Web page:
But there is a very interesting thing about these slaves of the world. When brought face to face with any calamity, as I have already remarked, they show themselves to be cowards. Often they attempt or commit suicide—a cowardly exit from life—which has of late been very much in fashion in Europe and America with a frequency never witnessed in the East.
To make a long story short, the condition of worldly life is such that there is no safety in it either way, whether we renounce the world or become its slaves. Seeing that we have to pull on with the world, we are confronted with the fact that the provision made for our life is not one of unmixed comfort. Comfort is invariably linked up with a corresponding distress. It is unavoidable that we should struggle for a comfort; and at times such struggles are very keen and painful in themselves. But apart from the pain and anxiety of these struggles, there are cases of additional suffering arising from loss of what we have earned, or injury done to what we possess, and such cases are of not infrequent occurrence. For these also we have to find some remedy. Such a remedy has been prescribed by the Holy Quran alone, and it consists in making ourselves feel that whatever we earn or acquire is not for our personal use alone, but for others as well, and that our position in relation to such earnings or acquisitions is closely analogous to that of a trustee. The law may or may not entitle others to share in our earnings. That is not the point. The point is that it is our duty to look at the question from the point of view of charity and moral obligation, and regard others as co-sharers with us in all that belongs to us. It goes almost without saying that, in a general way, whatsoever we do is done for our own pleasure. So, if we can form the habit of finding pleasure in the giving of a part of our earnings to others, and make our sense of satisfaction dependent on the degree of generosity and munificence which we display—and it is no more difficult to form than are other habits—then, in the event of the ups and downs of life depriving us of our worldly possessions, the misery involved will not be too great for us to bear. In a matter like this we should only try to reflect in ourselves the attribute of the Creator of the universe in His capacity as Rabb—a capacity in which He nourishes the whole world and gives bountifully to everyone therein.
To sum up, in order to acquire the peace of mind, which is needed by all, we have first to comprehend the fundamental truth that pleasure and pain are like light and shade; and that we should be independent of the fascination of the one as well as of the menace of the other. Having taken our stand on this truth, our next step should be to labour day and night to earn and dedicate the things earned to the Maintainer of the world; or, in other words, to spend them on His creatures. It is this ordinance which is implied in the verses,
“So surely with difficulty is ease, with difficulty surely is ease; so when you are free, strive hard, and make your Lord (Rabb) your exclusive object.”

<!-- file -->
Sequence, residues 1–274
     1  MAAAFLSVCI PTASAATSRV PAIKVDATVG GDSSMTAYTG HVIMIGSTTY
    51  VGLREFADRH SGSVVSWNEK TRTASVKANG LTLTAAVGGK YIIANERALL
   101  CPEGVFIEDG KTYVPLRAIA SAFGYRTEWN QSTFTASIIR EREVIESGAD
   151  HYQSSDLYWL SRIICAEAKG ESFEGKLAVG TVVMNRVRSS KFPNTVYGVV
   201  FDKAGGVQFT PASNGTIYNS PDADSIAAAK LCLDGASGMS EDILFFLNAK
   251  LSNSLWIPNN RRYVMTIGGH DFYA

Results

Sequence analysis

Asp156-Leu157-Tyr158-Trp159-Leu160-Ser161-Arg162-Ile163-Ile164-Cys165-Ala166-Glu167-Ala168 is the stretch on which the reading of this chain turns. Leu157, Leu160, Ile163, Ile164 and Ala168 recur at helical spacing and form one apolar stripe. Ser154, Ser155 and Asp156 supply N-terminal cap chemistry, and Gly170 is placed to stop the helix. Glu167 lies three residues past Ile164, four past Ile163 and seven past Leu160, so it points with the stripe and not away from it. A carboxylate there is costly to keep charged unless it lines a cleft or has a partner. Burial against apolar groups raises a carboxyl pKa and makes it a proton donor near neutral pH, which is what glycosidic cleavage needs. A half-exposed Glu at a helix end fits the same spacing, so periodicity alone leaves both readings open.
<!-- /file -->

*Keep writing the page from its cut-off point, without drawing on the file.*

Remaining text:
This may be paraphrased thus—Bear in mind that difficulty is a necessary adjunct to ease and comfort; when you realise this, and are free from the confusion caused by this problem, put forth your labour and apply your energy to the full; and finally make yourself the servant of your Lord (Rabb), that is, spend your earnings for the benefit of His creatures in the same way as He is ministering to the needs of you and them. What service can a man who has no money render to others? One who retires to the woods and hills and turns a hermit becomes a burden upon others because he stands in need of their giving him out of their earnings by way of charity. If you wish to become exalted in the eyes of people far and near, and thus see the fulfilment of the verse,
“And exalted your mention for you,”
in your own life, keep your hands ever open in generosity; but this will be impossible for you so long as you do not earn money with infinite pains and hard struggles (strive hard). The Holy Quran, by saying,
“(Have We not) exalted your mention for you and taken off your burden, which pressed heavily upon your back,”
only unfolds the truth that no calamity can make its burden felt upon a person who leaves no room in his mind for any sense of loss as such. Losses and their species—as enumerated in the Holy Quran—are destruction of wealth or other property, and like misfortunes of a material kind. Says the Holy Quran:
“And We will most certainly try you with somewhat of fear and hunger and loss of property and lives and fruits; but give good news to the patient, who, when a misfortune befalls them, say: Surely we are Allah’s; and unto Him we shall surely return” (The Holy Quran, 2:155–156).
Now, when we of our own free will give away the fruits of our earnings to others, and leave nothing thereof for ourselves, what difference does it make whether any part of it remains with us or is taken away from us by the revolution of time, or the changes and chances of life?